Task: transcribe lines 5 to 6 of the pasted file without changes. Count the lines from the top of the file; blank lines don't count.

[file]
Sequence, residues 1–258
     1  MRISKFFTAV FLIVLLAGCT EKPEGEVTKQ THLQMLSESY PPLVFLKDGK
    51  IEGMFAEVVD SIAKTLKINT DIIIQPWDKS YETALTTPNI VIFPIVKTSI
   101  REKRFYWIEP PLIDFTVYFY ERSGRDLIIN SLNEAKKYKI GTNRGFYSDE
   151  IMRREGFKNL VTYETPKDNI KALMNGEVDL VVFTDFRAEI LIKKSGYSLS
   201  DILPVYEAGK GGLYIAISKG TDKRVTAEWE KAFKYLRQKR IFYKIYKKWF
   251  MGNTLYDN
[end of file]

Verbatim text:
   151  IMRREGFKNL VTYETPKDNI KALMNGEVDL VVFTDFRAEI LIKKSGYSLS
   201  DILPVYEAGK GGLYIAISKG TDKRVTAEWE KAFKYLRQKR IFYKIYKKWF